Sara Lutman’s meditation upon being “Minnesotan” (presented in Being Local) suggested what could be elements of core identity in the upper Midwest. Core identity naturally skews toward that of majority populations. Therefore only those things that are as universal as possible should be considered. A region’s geography, climate, history, cultural expression, and, yes, athletic teams offer such opportunities. With respect to history and cultural heritage, however, it must be remembered that different subgroups may have profoundly different attitudes. In the South, for instance, the slave, poor white, and slave owner experiences have created, in their descendants, vastly divergent views of the region’s history.

The answers to the questions below are but one sampling of things that might be addressed in efforts to become more locally oriented.

When you think of our [city, state, region] what are the most important things that come to mind about:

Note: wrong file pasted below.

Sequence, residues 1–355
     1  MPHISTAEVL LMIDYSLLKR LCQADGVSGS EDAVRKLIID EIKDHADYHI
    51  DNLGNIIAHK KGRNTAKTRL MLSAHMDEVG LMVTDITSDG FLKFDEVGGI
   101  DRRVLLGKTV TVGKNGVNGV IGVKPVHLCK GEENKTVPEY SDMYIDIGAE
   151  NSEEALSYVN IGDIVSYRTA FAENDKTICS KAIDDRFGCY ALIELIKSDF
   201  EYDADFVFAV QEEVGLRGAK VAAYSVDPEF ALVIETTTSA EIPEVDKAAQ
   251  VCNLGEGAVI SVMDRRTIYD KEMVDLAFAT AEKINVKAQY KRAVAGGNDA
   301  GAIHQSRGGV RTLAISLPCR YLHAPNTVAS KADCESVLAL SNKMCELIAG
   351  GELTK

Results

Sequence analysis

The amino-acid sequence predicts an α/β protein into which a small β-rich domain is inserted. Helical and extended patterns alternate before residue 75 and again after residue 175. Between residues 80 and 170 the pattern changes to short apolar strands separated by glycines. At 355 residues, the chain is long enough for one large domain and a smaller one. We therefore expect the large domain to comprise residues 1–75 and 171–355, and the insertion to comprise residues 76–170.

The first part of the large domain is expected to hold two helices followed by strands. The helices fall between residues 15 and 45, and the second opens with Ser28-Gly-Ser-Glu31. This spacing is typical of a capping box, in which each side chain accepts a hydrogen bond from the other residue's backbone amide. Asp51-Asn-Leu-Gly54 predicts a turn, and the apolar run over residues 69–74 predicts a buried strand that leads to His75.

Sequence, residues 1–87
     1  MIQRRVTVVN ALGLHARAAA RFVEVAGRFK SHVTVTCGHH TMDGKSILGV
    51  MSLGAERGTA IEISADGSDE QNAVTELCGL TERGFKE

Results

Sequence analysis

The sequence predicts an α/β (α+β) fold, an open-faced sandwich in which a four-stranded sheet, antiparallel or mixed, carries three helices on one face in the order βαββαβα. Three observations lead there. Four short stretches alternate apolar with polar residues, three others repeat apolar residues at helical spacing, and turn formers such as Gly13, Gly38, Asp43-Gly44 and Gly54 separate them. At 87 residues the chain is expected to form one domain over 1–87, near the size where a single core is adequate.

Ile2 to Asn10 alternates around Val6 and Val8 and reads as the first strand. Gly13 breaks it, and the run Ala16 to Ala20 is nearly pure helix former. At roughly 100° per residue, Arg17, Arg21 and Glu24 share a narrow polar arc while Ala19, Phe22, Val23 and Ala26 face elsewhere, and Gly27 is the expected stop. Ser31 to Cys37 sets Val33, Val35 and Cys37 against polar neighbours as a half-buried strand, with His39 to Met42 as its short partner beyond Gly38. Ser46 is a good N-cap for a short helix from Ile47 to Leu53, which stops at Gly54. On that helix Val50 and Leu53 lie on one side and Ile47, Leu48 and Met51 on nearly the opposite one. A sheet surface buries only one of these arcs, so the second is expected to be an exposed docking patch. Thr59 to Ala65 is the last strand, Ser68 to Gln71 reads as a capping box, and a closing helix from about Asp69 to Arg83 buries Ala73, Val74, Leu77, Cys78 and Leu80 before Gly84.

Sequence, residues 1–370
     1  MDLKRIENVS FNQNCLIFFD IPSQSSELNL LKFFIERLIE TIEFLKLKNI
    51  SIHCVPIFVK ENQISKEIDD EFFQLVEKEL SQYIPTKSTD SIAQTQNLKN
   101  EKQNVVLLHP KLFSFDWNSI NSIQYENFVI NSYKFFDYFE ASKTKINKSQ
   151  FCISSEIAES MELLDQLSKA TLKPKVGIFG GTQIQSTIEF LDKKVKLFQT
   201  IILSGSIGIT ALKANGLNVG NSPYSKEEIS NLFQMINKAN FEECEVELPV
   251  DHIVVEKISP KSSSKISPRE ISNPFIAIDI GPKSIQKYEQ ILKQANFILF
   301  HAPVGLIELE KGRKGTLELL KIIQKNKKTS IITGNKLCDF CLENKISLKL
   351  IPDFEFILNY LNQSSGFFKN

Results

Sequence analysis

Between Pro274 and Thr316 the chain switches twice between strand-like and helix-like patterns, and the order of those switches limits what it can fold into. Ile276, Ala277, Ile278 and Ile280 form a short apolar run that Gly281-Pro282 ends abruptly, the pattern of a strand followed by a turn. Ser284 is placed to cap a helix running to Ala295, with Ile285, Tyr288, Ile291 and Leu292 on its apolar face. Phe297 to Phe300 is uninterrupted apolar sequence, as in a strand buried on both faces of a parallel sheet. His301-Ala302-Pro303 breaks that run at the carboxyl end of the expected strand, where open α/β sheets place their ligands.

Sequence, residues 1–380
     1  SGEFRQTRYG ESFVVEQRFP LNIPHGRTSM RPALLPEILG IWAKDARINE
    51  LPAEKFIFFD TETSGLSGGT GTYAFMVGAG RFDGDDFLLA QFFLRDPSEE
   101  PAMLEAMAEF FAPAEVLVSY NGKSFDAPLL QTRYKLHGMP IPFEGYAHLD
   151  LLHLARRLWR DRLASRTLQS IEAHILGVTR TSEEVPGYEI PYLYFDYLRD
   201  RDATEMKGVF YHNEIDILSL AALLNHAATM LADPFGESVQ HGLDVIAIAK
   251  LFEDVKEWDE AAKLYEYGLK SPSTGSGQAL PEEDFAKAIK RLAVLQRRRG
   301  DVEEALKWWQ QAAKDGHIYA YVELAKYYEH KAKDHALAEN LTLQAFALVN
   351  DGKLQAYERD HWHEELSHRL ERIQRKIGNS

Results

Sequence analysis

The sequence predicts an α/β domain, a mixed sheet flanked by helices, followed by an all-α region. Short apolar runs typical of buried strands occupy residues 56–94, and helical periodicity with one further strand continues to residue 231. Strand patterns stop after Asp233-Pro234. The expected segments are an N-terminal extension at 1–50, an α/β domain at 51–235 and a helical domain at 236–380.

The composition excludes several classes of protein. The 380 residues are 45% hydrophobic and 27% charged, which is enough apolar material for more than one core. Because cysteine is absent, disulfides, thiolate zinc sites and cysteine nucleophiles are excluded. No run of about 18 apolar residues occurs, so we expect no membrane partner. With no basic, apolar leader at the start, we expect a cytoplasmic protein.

Regional History and Historic Events
Cultural Expression and Heritage
Creative Legacy (e.g., artists and inventors)
Food and Drink
Character of the people
Athletic Teams

Creating listening sessions in which an organization asks such questions serves to obtain the answers and demonstrate to the community that the organization is serious about deepening its commitment to community focus. The ways such knowledge can be put to use in programming decisions are as numerous as the communities of which the questions are asked and the types of organizations that might ask them. The only real limits are the imagination and will of those doing the programming.



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Engagement Working Group

PenguinConspiracyThis is part of my continuing series on “How” to build a community-focused arts organization. An early step is organizing a group of “believers” who can work to generate enthusiasm and support for a transition. For lack of a better term, I call this an engagement working group. The means by which potential members of such a group “find” each other can be as varied as are organizations. Some individuals probably already are aware of like-minded colleagues. Others can be identified by sharing short articles or examples and gauging the enthusiasm with which their peers respond.